Course Evaluation Timeline

Though dates vary from semester to semester, the course evaluation timeline includes predetermined windows for making sure courses are current in the registrar’s master course schedule and custom questions are added (if desired). We notify instructors and departments by email as deadlines approach.

Date Summer 2023 Evaluation Windows
May 24 Administrative window opens for Sessions A and F (time to verify course information and add custom questions)
June 9 Evaluation window opens for Session A (students begin evaluating courses and instructors)
June 23 Evaluation window closes for Session A (last day to administer evaluations)
June 23 Evaluation window opens for Session F (students begin evaluating courses and instructors)
July 5 Administrative window opens for Sessions B and C (time to verify course information and add custom questions)
July 7 Evaluation window closes for Session F (last day to administer evaluations)
July 21 Evaluation window opens for Sessions B and C (students begin evaluating courses and instructors)
August 4 Evaluation window closes for Sessions B and C (last day to administer evaluations)
August 11 Reports released (all summer sessions)

*Course evaluation reports administered prior to the Fall 2013 term are archived in a separate online course evaluation archive. Evaluations predating the online archive can be found in the paper archives at Strozier Library on the main campus.


Course Evaluation FAQs

How do my students access the course surveys?

Students receive email notifications and login prompts in Canvas when the course evaluation window opens. They will continue to receive reminders until they complete the survey or the window closes.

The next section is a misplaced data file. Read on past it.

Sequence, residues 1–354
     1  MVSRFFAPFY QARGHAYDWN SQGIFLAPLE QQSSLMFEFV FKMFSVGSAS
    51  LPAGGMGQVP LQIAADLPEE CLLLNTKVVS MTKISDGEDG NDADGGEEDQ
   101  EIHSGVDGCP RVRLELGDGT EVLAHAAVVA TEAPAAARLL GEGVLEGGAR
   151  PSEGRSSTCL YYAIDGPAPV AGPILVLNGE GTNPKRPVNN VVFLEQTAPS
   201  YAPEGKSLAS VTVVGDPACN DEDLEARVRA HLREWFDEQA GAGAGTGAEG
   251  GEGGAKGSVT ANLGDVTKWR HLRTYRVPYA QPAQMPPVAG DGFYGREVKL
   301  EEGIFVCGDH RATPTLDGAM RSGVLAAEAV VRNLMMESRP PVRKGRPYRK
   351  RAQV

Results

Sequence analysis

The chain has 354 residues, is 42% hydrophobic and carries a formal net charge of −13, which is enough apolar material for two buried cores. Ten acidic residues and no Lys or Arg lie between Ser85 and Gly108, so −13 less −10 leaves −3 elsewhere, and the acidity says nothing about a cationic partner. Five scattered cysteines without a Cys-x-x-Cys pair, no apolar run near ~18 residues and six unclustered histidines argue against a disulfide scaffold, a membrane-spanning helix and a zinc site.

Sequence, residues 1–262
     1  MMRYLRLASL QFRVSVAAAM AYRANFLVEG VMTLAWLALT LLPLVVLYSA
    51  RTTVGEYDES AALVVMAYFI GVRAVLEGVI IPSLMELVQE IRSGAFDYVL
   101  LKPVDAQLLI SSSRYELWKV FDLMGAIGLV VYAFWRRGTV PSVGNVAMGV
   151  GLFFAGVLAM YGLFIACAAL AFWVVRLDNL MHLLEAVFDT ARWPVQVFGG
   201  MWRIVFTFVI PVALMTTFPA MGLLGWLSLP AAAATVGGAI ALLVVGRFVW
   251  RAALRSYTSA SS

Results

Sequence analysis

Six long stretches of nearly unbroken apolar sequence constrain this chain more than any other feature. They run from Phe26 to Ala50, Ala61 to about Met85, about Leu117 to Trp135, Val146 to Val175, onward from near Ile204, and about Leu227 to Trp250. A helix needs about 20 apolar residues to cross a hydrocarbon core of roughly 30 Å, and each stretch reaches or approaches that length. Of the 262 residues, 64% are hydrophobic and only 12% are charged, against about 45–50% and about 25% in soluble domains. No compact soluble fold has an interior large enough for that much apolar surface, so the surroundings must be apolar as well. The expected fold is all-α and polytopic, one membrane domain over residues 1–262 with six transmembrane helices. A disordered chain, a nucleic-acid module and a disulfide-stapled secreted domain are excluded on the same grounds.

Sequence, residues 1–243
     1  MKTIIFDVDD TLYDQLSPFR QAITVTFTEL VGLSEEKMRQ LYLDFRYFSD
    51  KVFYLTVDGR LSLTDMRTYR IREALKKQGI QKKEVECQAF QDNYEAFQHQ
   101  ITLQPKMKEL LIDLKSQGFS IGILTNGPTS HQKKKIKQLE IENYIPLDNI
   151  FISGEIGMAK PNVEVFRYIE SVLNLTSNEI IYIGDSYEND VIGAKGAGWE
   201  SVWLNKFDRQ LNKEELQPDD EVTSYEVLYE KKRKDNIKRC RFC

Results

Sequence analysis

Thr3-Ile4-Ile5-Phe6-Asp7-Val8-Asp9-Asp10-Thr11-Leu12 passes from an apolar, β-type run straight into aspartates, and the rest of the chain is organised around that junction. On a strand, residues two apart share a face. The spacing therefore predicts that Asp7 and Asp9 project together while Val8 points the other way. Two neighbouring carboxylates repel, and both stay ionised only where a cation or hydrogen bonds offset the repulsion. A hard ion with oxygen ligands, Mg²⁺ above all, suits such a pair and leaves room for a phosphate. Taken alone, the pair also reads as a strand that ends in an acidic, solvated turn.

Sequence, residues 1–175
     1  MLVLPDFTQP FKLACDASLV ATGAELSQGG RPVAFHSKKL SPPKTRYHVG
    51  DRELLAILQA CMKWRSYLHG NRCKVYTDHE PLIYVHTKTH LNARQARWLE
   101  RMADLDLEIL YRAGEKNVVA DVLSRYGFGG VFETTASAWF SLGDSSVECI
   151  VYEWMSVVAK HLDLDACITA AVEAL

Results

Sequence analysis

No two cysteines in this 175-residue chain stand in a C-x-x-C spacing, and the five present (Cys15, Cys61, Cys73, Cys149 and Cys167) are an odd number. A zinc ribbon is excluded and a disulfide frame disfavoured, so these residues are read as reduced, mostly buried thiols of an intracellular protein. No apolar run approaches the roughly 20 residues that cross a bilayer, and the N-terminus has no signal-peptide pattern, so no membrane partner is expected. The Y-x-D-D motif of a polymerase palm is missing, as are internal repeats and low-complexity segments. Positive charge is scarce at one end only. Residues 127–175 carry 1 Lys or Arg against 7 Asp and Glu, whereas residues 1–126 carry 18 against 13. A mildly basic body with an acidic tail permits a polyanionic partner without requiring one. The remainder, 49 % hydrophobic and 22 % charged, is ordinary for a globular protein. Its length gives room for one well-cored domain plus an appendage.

What should I tell my students about course evaluations?

  • Feedback matters. Let students know that completing course evaluations is a way to make their voice heard and that instructors value their input. Participation in the feedback process empowers them to make a difference in courses for future students. Share this 2-minute video to emphasize the importance of course feedback.
  • Feedback is anonymous. Students are concerned about the privacy of their feedback. Assure them that FSU works with a third-party vendor to protect the anonymity of course evaluation content, so no one at the university can identify students or their responses.

Can instructors make a difference in response rates?

Absolutely. Instructors play an important role in encouraging student participation in course evaluations. Research shows higher response rates when students know that you value their feedback and will use it to improve courses and instruction.*

*Bennett, L., & Nair, C. S. (2010). A recipe for effective participation rates for web‐based surveys. Assessment & Evaluation in Higher Education, 35(4), 357-365


Are there resources I can use to encourage student feedback?